Although they can be written in a symbolic form, for example, within the propositional calculus, theorems are expressed in a natural language such as English. The same is true of proofs, which are expressed as logically organized and worded informal arguments, intended to convince readers of the truth of the statement of the theorem beyond any doubt, from which a formal symbolic proof can in principle be constructed; such arguments are easier to check than purely symbolic ones—indeed, many mathematicians would express a preference for a proof that not only demonstrates the validity of a theorem, but explains in some way why it is true. In some cases, a picture alone may be sufficient to prove a theorem; because theorems lie at the core of mathematics, they are central to its aesthetics. Theorems are described as being "trivial", or "difficult", or "deep", or "beautiful"; these subjective judgments vary not only from person to person, but with time: for example, as a proof is simplified or better understood, a theorem, once difficult may become trivial.
On the other hand, a deep theorem may be stated but its proof may involve surprising and subtle connections between disparate areas of mathematics. Fermat's Last Theorem is a well-known example of such a theorem. Logically, many theorems are of the form of an indicative conditional: if A B; such a theorem does not assert B, only that B is a necessary consequence of A. In this case A is called B the conclusion; the theorem "If n is an natural number n/2 is a natural number" is a typical example in which the hypothesis is "n is an natural number" and the conclusion is "n/2 is a natural number". To be proved, a theorem must be expressible as a formal statement. Theorems are expressed in natural language rather than in a symbolic form, with the intention that the reader can produce a formal statement from the informal one, it is common in mathematics to choose a number of hypotheses within a given language and declare that the theory consists of all statements provable from these hypotheses. These hypotheses are called axioms or postulates.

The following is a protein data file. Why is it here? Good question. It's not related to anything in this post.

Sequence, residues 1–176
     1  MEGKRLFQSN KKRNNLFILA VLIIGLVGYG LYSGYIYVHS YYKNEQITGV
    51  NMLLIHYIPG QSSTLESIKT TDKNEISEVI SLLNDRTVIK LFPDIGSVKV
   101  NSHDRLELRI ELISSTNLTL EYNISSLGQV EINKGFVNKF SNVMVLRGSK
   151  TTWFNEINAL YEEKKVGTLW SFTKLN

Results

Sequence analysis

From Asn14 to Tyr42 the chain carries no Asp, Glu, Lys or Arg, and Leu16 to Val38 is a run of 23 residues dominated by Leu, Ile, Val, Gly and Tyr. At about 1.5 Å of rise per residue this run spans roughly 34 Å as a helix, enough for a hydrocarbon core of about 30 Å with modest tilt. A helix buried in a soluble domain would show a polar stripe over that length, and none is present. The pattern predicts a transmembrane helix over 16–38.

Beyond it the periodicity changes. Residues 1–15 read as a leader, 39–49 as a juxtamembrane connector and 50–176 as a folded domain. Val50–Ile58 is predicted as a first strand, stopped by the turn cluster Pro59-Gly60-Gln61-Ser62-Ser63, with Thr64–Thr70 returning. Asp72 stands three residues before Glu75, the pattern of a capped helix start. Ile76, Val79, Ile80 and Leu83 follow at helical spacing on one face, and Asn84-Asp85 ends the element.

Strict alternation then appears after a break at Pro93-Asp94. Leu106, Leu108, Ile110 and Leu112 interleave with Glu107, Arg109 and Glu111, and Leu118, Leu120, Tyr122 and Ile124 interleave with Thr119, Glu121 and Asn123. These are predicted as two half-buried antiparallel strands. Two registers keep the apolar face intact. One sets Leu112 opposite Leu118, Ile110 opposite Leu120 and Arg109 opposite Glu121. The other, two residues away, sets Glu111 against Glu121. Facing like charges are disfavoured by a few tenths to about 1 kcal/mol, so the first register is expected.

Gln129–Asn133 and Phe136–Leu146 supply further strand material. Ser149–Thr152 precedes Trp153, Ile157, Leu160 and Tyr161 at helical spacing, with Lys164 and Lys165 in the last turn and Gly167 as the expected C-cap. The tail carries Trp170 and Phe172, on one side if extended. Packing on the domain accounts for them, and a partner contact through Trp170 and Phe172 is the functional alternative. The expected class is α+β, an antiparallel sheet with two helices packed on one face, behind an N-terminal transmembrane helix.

The field of mathematics known as proof theory studies formal languages and the structure of proofs. Some theorems are "trivial", in the sense that they follow from definitions and other theorems in obvious ways and do not contain any surprising insights. Some, on the other hand, may be called "deep", because their proofs may be long and difficult, involve areas of mathematics superficially distinct from the statement of the theorem itself, or show surprising connections between disparate areas of mathematics. A theorem might be simple to state and yet be deep. An excellent example is Fermat's Last Theorem, there are many other examples of simple yet deep theorems in number theory and combinatorics, among other areas. Other theorems have a known proof that cannot be written down; the most prominent examples are the Kepler conjecture. Both of these theorems are only known to be true by reducing them to a computational search, verified by a computer program. Many mathematicians did not accept this form of proof, but it has become more accepted.
The mathematician Doron Zeilberger has gone so far as to claim that these are the only nontrivial results that mathematicians have proved. Many mathematical theorems can be reduced to more straightforward computation, including polynomial identities, trigonometric identities and hypergeometric identities. To establish a mathematical statement as a theorem, a proof is required, that is, a line of reasoning from axioms in the system to the given statement must be demonstrated. However, the proof is considered as separate from the theorem statement. Although more than one proof may be known for a single theorem, only one proof is required to establish the status of a statement as a theorem; the Pythagorean theorem and the law of quadratic reciprocity are contenders for the title of theorem with the greatest number of distinct proofs. Theorems in mathematics and theories in science are fundamentally different in their epistemology. A scientific theory cannot be proved.